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Nuclear ‘meltdown’ threat after 8.9 magnitude quake hits Japan

March 13, 2011
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Following the 8.9 magnitude that hit Japan’s eastern coast on Friday, several tsunamis have swept away houses, boats, vehicles and destroyed massive tracks of land and infrastructure and killed close to 900 people across the east coast. At the moment, the key news is the nuclear ‘meltdown’ that threatens the widespread release of radiation that has been compared to the 1979 Three Mile Island (United States) and 1986 Chernobyl (Ukraine) incidents.

A state of emergency has been declared in Fukushima prefecture after the Fukushima Daiichi power plant’s Unit 1 and Unit 3 both reportedly experienced meltdowns following the quake and tsunami. The explosion of Unit 1 reportedly came as the plant’s operator, Tokyo Electric Power Co (Tepco), was working desperately to reduce pressure in the damaged reactor’s core after cooling systems failed in the aftermath of the quake. The nuclear reactor core is a device to initiate and control a sustained nuclear chain reaction and without adequate cooling, a core meltdown could occur. The next step for workers at the Fukushima Daiichi plant will be to flood the reactor containment structure with sea water to bring the reactor’s temperature down to safe levels.

Due to the meltdown threat, a 20km evacuation order has been imposed by the Japan government. This has affected about 180,000 people. But analysts are worried that denser regions, in particular the Sendai area which is located 90km north of Fukushima will be affected if further leakage occurs. Authorities have begun radiation exposure testing around Fukushima prefecture where three people – randomly selected out of a group of 90 – have tested positive for radiation poisoning, according to Japan’s government broadcaster, NHK.

Furthermore, metereologists have come out to say that winds and rain off the coast of Japan will contribute to the way that radiation will be carried. CNN reports that should there be a core breach of the nuclear plant and radiation reaches the jet stream level, it is likely that the radiation could be carried all around the world. However, that will only occur if things turn for the worst.

In Tokyo, 2.5 million people are still left without power but this figure is down from 6 million reported yesterday. From Monday, power rationing set to begin. Power outages have left commuters in and out of Tokyo stranded and people scrambling to buy up supplies of batteries, torchlights and lamps from stores all over the city.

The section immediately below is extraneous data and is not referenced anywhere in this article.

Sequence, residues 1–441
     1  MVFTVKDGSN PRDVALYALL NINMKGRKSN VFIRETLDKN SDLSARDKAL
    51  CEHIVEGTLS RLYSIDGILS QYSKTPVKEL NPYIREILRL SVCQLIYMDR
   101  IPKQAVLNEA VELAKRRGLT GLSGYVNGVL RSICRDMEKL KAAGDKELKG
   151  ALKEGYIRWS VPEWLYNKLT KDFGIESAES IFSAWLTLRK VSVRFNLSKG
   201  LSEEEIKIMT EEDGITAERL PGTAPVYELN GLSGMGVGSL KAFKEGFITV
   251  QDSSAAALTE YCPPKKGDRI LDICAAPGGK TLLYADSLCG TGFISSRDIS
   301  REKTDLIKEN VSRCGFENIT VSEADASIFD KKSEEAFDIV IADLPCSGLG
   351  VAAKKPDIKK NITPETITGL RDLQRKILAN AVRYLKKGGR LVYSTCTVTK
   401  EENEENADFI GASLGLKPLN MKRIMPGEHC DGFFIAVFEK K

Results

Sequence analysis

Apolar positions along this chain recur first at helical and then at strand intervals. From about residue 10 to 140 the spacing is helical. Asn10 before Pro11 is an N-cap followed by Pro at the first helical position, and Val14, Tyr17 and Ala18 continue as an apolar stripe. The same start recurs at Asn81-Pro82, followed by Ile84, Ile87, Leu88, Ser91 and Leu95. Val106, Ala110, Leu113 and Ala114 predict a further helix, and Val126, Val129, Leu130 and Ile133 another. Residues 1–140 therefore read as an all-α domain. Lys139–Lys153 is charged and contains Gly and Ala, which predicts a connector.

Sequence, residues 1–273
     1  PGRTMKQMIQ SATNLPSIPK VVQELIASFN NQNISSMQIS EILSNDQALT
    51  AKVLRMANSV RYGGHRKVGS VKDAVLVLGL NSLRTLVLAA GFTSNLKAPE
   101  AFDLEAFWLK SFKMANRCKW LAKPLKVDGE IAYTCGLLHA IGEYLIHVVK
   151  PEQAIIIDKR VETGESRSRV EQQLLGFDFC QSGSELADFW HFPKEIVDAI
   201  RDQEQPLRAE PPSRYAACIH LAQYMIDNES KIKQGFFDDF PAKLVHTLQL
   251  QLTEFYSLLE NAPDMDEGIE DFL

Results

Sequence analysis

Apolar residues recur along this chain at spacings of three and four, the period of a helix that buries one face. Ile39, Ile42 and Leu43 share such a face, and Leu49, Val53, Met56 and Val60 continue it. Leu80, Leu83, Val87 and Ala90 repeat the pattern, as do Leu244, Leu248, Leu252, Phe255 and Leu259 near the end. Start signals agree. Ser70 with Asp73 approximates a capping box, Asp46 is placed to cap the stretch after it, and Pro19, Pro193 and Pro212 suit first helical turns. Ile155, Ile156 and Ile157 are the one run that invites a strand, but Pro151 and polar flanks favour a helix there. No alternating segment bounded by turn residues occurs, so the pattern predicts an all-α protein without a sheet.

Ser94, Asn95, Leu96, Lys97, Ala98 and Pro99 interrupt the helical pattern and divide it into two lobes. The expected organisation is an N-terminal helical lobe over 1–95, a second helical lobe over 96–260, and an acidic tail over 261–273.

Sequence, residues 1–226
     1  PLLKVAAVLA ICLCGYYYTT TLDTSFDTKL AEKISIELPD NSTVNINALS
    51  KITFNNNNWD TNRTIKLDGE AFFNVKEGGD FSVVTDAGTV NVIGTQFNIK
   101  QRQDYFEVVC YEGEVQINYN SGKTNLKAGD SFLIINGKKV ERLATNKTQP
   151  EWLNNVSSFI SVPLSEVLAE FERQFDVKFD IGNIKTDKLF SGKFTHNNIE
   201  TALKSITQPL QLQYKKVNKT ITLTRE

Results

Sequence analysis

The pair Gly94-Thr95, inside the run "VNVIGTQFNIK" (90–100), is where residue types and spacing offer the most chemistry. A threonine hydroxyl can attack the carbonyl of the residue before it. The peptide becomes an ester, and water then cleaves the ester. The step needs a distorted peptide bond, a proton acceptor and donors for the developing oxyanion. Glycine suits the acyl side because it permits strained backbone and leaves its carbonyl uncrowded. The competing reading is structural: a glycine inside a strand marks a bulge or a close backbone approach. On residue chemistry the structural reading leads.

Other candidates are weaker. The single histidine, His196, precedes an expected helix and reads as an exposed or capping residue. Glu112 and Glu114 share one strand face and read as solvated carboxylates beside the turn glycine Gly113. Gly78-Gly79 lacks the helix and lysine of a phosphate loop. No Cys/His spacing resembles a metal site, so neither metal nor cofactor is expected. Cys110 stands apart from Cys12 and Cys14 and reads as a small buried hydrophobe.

Japan is home to 55 nuclear power plants, the first having been built way back in 1966. Under the Japan Nuclear Program, Japan has over the years built up a total output of 49,467 megawatts (MW) from operating nuclear power plants. Nuclear power accounts for approximately one-third of the country’s total electric power output.

Japan is an island country, which makes it difficult for them to exchange energy with neighboring countries through power transmission lines or pipelines. Japan is also energy-scarce and depends largely on foreign countries for 80% of its energy resources. These conditions are completely different from those of Europe or the U.S.; therefore, the government of Japan concludes that it is rational to continue making the fullest possible use of nuclear power generation as one of the mainstays of the nation’s energy supply. Nuclear power generation contributes to improved energy sufficiency and to stability of the energy supply, in addition to playing an important role in reducing Japan’s carbon dioxide emissions. Of course, nuclear power represents only one cornerstone in a comprehensive energy policy; one designed to meet the growing energy needs of Japan and based on an ideal mixture that includes thermal power and hydroelectric power. Japan’s electric power companies are prepared to meet this demand in the 21st century, and in the process, ensure that nuclear energy be used solely for peaceful purposes, and under the safest possible conditions.

Unfortunately, 60% of all earthquakes above 6.0 in magnitude occur in Japan and this can lead to serious consequences with regard to safety due to nuclear complications when earthquakes and tsunamis hit.

For more updates on the Japan earthquake and nuclear emergency, visit CNN’s This Just In page.

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